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3 Poems by Daniel J Walsh


Of the common dreads, none are named
but waiting. Even here, under the aegis

of the left-unsaid, that I doubted
your oath to return, we feel packaged in

by waiting. If a holiday is the practice
of hunger, mine is for what was: the old

unsaddled city, pre-siege and home
to you in your most fathomable. Known

then as nurturer, you were belonged-to.
From nowhere and nearly frozen,

the wrong you arrives, a hovering of skin
and bones and barely. An after with a look

of asking. I offer ribbons and my want
for repair, offer your incense

I’ve been burning without knowing why.



My body is smoke in the shape of a man
and mine only for its vanishing.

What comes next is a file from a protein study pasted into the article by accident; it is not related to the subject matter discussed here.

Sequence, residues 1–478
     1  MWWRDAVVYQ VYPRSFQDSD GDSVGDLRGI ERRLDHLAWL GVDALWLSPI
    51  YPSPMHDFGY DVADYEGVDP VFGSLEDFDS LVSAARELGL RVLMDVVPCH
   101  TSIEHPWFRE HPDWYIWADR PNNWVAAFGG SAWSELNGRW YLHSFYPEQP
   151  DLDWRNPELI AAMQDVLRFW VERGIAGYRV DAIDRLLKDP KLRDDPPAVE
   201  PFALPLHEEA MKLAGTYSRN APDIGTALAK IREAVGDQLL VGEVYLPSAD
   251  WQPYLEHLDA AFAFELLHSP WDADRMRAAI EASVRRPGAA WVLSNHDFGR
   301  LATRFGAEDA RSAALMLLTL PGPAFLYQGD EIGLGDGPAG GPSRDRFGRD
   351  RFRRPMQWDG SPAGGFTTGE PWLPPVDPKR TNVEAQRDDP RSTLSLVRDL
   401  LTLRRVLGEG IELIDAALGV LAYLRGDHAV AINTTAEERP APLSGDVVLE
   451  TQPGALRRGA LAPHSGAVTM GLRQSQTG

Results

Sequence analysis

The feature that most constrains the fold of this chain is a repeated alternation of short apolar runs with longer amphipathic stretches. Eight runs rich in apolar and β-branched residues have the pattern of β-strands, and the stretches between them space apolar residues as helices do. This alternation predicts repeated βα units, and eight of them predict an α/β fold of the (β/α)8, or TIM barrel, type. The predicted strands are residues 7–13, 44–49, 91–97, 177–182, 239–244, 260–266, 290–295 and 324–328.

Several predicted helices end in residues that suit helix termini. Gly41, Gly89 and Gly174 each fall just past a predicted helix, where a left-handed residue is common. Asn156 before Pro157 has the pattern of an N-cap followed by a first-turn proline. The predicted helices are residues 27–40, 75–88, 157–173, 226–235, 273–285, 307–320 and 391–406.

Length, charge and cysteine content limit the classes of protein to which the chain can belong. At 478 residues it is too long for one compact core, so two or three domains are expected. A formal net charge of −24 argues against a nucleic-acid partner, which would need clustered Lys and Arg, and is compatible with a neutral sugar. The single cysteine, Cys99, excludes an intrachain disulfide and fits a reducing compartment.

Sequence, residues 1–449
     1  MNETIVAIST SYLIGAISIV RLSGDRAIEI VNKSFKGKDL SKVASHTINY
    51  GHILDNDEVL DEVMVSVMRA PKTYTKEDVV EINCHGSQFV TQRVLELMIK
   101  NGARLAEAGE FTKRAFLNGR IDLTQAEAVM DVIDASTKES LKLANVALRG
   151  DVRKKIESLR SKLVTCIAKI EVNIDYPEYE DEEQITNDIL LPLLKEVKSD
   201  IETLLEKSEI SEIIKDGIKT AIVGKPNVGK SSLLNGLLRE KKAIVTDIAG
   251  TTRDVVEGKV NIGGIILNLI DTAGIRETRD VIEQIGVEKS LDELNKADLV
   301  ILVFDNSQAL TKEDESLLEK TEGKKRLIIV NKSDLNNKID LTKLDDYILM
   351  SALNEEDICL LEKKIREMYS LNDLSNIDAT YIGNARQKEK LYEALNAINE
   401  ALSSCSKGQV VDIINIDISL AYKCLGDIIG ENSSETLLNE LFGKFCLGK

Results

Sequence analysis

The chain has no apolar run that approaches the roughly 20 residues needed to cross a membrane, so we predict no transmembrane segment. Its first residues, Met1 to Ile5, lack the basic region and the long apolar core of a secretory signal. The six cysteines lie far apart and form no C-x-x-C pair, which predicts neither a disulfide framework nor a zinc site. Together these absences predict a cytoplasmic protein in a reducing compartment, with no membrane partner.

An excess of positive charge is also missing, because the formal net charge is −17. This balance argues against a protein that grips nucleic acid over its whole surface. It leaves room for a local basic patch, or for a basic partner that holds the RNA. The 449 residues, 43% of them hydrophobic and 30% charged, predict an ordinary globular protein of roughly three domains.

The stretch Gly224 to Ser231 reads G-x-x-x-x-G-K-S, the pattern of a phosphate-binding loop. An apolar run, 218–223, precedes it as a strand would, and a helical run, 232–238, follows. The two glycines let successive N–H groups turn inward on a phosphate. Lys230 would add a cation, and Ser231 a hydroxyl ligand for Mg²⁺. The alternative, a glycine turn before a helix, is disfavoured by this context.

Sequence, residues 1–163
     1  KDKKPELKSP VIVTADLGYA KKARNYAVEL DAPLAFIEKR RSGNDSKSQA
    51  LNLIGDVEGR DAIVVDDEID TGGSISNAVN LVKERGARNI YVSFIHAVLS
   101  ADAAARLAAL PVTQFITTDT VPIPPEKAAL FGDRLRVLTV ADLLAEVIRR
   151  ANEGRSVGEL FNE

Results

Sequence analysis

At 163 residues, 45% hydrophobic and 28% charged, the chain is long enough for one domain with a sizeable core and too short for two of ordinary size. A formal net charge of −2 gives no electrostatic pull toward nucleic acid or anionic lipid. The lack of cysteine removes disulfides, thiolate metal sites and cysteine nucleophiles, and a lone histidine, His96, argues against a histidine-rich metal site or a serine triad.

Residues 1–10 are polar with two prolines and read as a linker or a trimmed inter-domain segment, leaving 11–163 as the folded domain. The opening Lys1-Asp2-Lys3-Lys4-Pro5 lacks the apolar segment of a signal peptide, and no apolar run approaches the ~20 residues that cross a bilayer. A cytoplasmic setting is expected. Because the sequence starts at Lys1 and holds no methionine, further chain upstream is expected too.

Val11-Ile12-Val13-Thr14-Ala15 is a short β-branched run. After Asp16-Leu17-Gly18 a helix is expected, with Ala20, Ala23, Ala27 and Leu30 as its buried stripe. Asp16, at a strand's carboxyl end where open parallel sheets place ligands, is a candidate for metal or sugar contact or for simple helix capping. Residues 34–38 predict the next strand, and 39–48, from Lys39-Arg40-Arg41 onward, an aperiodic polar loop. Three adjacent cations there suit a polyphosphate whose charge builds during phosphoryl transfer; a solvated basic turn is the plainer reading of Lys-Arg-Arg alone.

I’m more alluring as afterimage,
as Gone, so women want me

to disappear, none of them knowing
I am after what will hold, the handcuff

not charmed loose. All illusions aim
to end escaping and strap me

to what stays. This, a chamber
of metal and mahogany, is my final

sleight. See how the shackles are
donned, how fluid fills the tank. See

how the locks don’t pop
and what I conjure is constraint.


Wicker Man

Allowed a body, I wanted
another. Not the salt and un-mending

muscle of my own,
but wicker, boneless and capable

of burning.
And they made it for me. I stood inside

and it was fulfilled,
not needing, not quilled by appetite.

An acolyte
set to flames the wicker frame, and within,

I was a fragrance
given off. There were watchers to breathe me

who believed
I could save. I don’t care what it means

to be sacrificed
to fog or feeble gods: this is about me,

how I will abolish
my form to earn the ever— an unoffered

option of lasting,
gathered around, grafted to purpose.

Daniel J Walsh is a teaching fellow at Columbia University, where he studied for his MFA in poetry. Prior, he received his BA from Muhlenberg College. He also has work forthcoming in Death Hums.